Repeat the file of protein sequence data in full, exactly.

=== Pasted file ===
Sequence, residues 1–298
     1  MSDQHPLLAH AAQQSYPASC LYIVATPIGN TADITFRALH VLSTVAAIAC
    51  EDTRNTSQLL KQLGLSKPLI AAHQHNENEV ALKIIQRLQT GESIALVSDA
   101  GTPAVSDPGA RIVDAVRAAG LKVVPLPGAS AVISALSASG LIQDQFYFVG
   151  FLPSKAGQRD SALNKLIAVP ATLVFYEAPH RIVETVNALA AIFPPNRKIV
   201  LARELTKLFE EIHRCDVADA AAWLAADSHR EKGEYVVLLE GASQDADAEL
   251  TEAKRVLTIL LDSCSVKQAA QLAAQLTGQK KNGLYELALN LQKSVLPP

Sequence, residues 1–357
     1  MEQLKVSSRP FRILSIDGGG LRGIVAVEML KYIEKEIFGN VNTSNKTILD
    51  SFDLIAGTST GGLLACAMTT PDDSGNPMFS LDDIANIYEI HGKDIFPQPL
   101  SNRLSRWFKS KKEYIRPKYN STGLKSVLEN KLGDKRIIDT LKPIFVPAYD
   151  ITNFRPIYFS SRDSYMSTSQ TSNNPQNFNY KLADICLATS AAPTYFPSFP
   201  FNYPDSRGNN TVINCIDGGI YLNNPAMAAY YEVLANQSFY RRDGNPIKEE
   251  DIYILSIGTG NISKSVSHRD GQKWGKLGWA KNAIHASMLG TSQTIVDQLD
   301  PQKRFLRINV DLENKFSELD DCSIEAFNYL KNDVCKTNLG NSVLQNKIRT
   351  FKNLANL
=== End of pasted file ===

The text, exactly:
Sequence, residues 1–298
     1  MSDQHPLLAH AAQQSYPASC LYIVATPIGN TADITFRALH VLSTVAAIAC
    51  EDTRNTSQLL KQLGLSKPLI AAHQHNENEV ALKIIQRLQT GESIALVSDA
   101  GTPAVSDPGA RIVDAVRAAG LKVVPLPGAS AVISALSASG LIQDQFYFVG
   151  FLPSKAGQRD SALNKLIAVP ATLVFYEAPH RIVETVNALA AIFPPNRKIV
   201  LARELTKLFE EIHRCDVADA AAWLAADSHR EKGEYVVLLE GASQDADAEL
   251  TEAKRVLTIL LDSCSVKQAA QLAAQLTGQK KNGLYELALN LQKSVLPP

Sequence, residues 1–357
     1  MEQLKVSSRP FRILSIDGGG LRGIVAVEML KYIEKEIFGN VNTSNKTILD
    51  SFDLIAGTST GGLLACAMTT PDDSGNPMFS LDDIANIYEI HGKDIFPQPL
   101  SNRLSRWFKS KKEYIRPKYN STGLKSVLEN KLGDKRIIDT LKPIFVPAYD
   151  ITNFRPIYFS SRDSYMSTSQ TSNNPQNFNY KLADICLATS AAPTYFPSFP
   201  FNYPDSRGNN TVINCIDGGI YLNNPAMAAY YEVLANQSFY RRDGNPIKEE
   251  DIYILSIGTG NISKSVSHRD GQKWGKLGWA KNAIHASMLG TSQTIVDQLD
   301  PQKRFLRINV DLENKFSELD DCSIEAFNYL KNDVCKTNLG NSVLQNKIRT
   351  FKNLANL